Electric police motorcycles help Florida city meet sustainability goals Electric police motorcycles help Florida city meet sustainability goals

Electric police motorcycles help Florida city meet sustainability goals

How Largo’s conversion to an electric fleet, with assistance from Duke Energy, is part of a broader plan to use renewable energy


The Largo Police Department in Florida just got more efficient. The force recently added two new Zero electric motorcycles to its fleet, part of the city’s transition to all-renewable energy. 

The city’s commitment to an electric light-duty fleet by 2030 is part of the Largo Environmental Action Plan. Largo plans to convert to 100 percent renewable energy as a government by 2035 and as a community by 2050.

Largo Police Officers Andrew Lynch and Steve Calderone. The department received $7,000 from Duke Energy to aid in the purchase of Zero electric motorcycles.

Duke Energy, which has a goal of net-zero carbon emissions by 2050, gave a grant to help fund the motorcycle project. 

“When we heard that it was important to the city of Largo, that was definitely exciting for us to get behind and fund,” said Sharon Arroyo, Duke Energy Florida’s vice president of government and community relations. “Largo has really been stepping up and leading the way in the area of green initiatives for their community.”

Laura Thomas, Largo’s sustainability program administrator, said the commitment will reduce fleet fuel and total maintenance costs compared to traditional vehicles. Plus, it opens opportunities in the green economy sector. 

“And by transitioning our fleet to electric, we’re improving the air quality and public health of our residents and workers,” she said, “which is particularly important for our most vulnerable community members.”

Traffic officers say the electric motorcycles are smoother, faster and quieter.

The city of Largo is moving to 100 percent renewable energy by 2035.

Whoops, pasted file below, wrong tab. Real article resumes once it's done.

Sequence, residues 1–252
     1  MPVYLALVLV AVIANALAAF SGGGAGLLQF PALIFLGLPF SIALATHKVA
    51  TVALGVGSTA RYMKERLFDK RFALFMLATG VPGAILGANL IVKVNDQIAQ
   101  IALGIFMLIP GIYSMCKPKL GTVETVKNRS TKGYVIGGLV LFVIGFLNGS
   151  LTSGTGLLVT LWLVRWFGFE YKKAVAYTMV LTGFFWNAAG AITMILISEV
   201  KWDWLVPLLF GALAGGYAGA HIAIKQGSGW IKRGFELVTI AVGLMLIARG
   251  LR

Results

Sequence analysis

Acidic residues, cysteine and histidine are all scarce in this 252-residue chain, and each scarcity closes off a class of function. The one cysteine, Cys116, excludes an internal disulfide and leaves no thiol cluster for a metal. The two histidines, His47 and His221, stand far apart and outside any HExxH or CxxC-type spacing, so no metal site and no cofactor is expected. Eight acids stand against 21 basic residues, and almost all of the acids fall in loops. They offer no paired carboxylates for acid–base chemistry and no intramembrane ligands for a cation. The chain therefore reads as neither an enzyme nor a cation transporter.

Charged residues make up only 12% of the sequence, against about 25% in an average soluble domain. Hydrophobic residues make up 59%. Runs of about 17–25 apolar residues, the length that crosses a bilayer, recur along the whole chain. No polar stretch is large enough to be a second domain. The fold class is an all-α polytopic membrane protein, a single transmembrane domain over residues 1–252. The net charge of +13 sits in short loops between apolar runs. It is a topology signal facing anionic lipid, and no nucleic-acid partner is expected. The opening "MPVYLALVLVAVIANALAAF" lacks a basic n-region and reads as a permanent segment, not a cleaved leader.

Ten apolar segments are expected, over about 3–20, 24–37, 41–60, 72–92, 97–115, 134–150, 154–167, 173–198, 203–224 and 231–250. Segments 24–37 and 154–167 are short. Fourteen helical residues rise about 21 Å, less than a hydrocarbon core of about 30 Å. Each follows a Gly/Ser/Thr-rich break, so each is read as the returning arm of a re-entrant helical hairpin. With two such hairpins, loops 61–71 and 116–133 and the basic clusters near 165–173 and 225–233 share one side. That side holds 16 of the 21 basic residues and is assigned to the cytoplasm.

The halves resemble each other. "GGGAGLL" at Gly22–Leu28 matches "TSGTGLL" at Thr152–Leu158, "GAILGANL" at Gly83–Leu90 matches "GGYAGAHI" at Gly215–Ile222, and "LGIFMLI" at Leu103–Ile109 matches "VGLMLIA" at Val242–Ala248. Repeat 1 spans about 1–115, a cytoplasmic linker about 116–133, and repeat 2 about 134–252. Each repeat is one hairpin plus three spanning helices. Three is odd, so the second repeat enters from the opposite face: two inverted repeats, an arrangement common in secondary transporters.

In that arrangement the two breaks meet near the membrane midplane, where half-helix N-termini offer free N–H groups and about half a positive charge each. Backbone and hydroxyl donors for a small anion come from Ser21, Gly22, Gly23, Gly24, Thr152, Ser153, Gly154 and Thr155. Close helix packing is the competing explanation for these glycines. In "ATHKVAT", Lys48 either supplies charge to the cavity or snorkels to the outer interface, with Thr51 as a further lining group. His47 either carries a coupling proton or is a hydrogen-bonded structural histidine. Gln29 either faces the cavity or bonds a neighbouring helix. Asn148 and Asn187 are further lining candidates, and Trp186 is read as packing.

“It allows us to patrol the parks and trails,” said Sgt. Mike Blickensdorf, “without disturbing the citizens while not emitting exhaust.” 

A 2018 report by the Intergovernmental Panel on Climate Change said emissions must be reduced by 45 percent by 2030 and reach net-zero by 2050 to reduce warming.

Metropolitan areas, including Atlanta, Seattle and Los Angeles, are transitioning municipal fleets, including fire trucks, buses and other vehicles to electric vehicles. Duke Energy’s eTransEnergy subsidiary works with municipalities, government agencies and others to transition to electric vehicle fleets. Duke Energy has provided almost $1 million in grants to Greensboro, Asheville and the Triangle area of North Carolina to transition their municipal bus fleets to electric.

In Florida, the EV opportunity is great. The state is home to more than 21 million residents, and passenger vehicles are responsible for 50 percent of criteria air pollutant emissions, according to a report by Atlas Public Policy and the Southern Alliance for Clean Energy.

Due to its warm climate and hundreds of coastline miles, Florida is especially vulnerable to the effects of climate change – rising sea level, high temperatures and storm surges. 

The state is making progress. As of March 2020, 1.6 million passenger EVs had been sold in Florida, according to the Southern Alliance for Clean Energy, and investment in the sector is rising. Roughly 62,000 EVs were on the road in Florida in June 2020, the Southern Alliance said.

At the controls.

Along with the zero-emissions electric motorcycles, the Largo police has added 23 hybrid Ford Interceptor SUVs. Roughly 11 percent of the municipal fleet uses alternative energy sources.

With more EVs comes a new need: charging stations. Since 2018, Duke Energy’s Park and Plug program has installed more than 600 electric vehicle charging stations – 13 in Largo – at businesses, apartment complexes and other multiunit housing facilities. Roughly 10 percent of the new charging stations serve vulnerable communities.

Thomas said the stations installed in Largo have had more than 4,000 individual uses. “We’re really excited to see the public adopting it and using it so frequently,” she said. 

The new police transportation has had unintended benefits, too.

“What I love about this project is that the motorcycles have become a magnet for the community,” Arroyo said. Since the motorcycles have taken to the road, residents often stop the officers and ask questions about the motorcycles, sparking non-confrontational conversations. 

“The public wants to know more and is truly interested in greener, renewable resources,” she said. “This is a way in which we can help a community not only meet their goals, but connect with residents, too. It’s a great outcome.”

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